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Discussion Starter #1 (Edited)
Hey everyone,

Not that we don’t have enough nightmare stories to share but I am stricken by the almost evil accuracy in similarities between car horror stories and real life. If only real life was like the stock market we would know exactly what to do :)

Parked my 2002 LE Pathfinder 4x4 for about an hour and upon my return I noticed a pool of coolant right under the radiator. Concluded that there is a good chance that is came out of my car and opened the hood to investigate a possible leak source. Couldn’t find any so I said to myself “lets see”. Chcked cooland while the engine was still cold and it was full, including the excess tank.

The moment I started the engine I noticed service engine soon light (SES) – this is the very first time this light had come on since I bought the car new. So with the coolant and that light in mind I drove off closely monitoring every gauge and sound – I heard nothing unusual. Got onto the freeway – everything normal, temperature right below halfway on the gauge, no strange noises or smells. After about 10 miles the temp gauge started climbing rapidly. I did note that the climb was NOT gradual but some event occurred and boom – it started climbing. Pulled over right away and let it cool for an hour. Noticed coolant again under the car but no leak source could be identified.

Now the fun starts – shop concluded it’s a rear thermostat – the one that is hard to swap – 7 hours of labor. Thermostat was swapped but the car still overheats under the same exact conditions – street driving is fine but as soon as you spend 5-10 minutes at 60MPH the temperature starts climbing rapidly. Now I am almost a grand into a 7 day repair (counting the weekends, not their fault) and still my car overheats. Radiator cap tested - good, radiator itself was also pressure tested - no leaks.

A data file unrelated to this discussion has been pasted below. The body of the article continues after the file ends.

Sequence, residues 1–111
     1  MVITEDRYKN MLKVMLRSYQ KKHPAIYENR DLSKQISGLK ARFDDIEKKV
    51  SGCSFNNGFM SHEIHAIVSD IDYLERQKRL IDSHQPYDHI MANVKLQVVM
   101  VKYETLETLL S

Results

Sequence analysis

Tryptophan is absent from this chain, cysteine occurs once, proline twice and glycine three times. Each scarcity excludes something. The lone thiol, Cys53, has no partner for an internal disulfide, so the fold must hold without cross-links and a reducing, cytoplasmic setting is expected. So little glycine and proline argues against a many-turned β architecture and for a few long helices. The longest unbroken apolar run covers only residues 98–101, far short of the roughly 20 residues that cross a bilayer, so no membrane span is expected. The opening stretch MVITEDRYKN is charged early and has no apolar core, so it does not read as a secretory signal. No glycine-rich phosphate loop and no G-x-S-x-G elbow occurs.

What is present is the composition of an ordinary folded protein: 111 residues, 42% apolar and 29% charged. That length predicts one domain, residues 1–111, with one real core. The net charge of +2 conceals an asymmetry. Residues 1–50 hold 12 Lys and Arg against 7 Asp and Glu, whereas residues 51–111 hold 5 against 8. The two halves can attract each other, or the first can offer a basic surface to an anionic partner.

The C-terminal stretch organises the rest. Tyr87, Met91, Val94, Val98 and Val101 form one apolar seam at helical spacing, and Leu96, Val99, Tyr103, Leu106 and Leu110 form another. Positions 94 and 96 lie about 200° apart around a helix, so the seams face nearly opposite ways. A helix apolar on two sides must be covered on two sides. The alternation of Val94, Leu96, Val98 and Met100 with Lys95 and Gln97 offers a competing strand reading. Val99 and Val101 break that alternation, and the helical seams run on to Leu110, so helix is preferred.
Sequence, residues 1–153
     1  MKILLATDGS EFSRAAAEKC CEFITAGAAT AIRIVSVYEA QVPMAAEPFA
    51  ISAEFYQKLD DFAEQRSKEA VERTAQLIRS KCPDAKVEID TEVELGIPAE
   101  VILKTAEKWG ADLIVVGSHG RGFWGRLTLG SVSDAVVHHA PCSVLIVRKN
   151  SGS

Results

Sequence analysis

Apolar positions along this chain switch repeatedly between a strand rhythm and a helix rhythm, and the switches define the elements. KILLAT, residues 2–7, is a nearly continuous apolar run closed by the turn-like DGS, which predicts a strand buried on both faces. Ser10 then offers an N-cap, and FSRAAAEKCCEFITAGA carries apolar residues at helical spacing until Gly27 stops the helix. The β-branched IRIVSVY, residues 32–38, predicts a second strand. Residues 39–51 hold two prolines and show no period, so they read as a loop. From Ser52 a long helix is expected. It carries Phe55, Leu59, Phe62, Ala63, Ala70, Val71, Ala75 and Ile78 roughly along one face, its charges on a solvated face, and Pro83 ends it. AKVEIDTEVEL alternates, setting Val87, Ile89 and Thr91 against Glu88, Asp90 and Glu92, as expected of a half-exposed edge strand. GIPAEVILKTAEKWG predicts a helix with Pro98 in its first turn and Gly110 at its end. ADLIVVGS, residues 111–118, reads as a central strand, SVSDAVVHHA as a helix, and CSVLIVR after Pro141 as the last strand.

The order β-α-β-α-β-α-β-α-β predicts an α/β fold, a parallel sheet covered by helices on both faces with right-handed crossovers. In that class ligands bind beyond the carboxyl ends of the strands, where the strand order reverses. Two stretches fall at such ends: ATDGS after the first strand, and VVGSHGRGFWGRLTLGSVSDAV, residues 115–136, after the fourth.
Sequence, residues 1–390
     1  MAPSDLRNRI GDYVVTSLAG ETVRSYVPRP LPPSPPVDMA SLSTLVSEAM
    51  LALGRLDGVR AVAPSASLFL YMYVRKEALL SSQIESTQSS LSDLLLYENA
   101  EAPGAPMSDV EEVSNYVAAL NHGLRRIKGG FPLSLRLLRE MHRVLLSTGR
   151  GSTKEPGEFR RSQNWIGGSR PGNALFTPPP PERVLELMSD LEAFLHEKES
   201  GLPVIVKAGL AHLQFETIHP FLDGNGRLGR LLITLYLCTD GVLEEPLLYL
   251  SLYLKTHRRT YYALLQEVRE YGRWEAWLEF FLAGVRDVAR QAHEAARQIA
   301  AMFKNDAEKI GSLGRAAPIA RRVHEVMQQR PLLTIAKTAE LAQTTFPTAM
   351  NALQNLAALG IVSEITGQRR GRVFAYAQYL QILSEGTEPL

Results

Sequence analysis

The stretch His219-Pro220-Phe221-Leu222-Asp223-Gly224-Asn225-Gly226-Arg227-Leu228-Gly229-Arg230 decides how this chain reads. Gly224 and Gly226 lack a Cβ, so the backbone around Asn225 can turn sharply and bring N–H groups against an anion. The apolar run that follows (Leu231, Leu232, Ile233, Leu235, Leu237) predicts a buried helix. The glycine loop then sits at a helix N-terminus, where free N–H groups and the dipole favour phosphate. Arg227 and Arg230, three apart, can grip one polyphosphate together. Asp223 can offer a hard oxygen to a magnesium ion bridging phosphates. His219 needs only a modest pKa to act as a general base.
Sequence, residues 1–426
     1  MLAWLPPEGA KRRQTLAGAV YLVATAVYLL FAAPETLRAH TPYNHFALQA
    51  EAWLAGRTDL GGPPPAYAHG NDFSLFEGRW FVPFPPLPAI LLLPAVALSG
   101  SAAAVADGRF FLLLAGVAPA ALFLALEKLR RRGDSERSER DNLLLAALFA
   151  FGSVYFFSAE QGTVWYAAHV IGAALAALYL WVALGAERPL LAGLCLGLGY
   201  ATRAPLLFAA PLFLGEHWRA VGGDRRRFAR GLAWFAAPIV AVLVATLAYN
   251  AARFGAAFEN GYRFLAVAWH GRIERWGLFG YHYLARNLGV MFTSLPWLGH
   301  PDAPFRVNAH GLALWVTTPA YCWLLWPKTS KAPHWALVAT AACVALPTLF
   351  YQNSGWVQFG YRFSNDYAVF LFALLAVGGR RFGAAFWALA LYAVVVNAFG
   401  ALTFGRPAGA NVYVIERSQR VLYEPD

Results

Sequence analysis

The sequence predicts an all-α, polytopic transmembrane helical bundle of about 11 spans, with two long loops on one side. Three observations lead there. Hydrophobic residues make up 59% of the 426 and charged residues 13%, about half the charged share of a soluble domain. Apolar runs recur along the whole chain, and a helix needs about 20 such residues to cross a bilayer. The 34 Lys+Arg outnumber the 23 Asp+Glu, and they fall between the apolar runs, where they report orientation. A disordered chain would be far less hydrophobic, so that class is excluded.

Next they suggested the replace the radiator suspecting clog – I agreed as it sounds reasonable but at this point I must ask: what if it’s NOT the radiator? I can’t keep swapping parts forever. Ahh that SES light had code “coolant over temperature” and no other codes were recorded.

Any suggestions will be very much appreciated!

~B
 

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is there a bleeder valve on your model? some models have a bleeder valve to get the air out of the system. usually on the models where the rad cap is lower than the t-stat housing. if you have that, I would check that first, it will give a indication of overheating because of the air pocket around the temp sensor. when the vehicle is warmed up can you see flow in the rad? do you have a fan clutch or electric fans? if you have a fan clutch, with the engine off turn the fan. if it turns freely (without some resistance) it is bad. when the vehicle is warmed up the fan clutch will be very stiff to turn which is normal. hope this helps.
 
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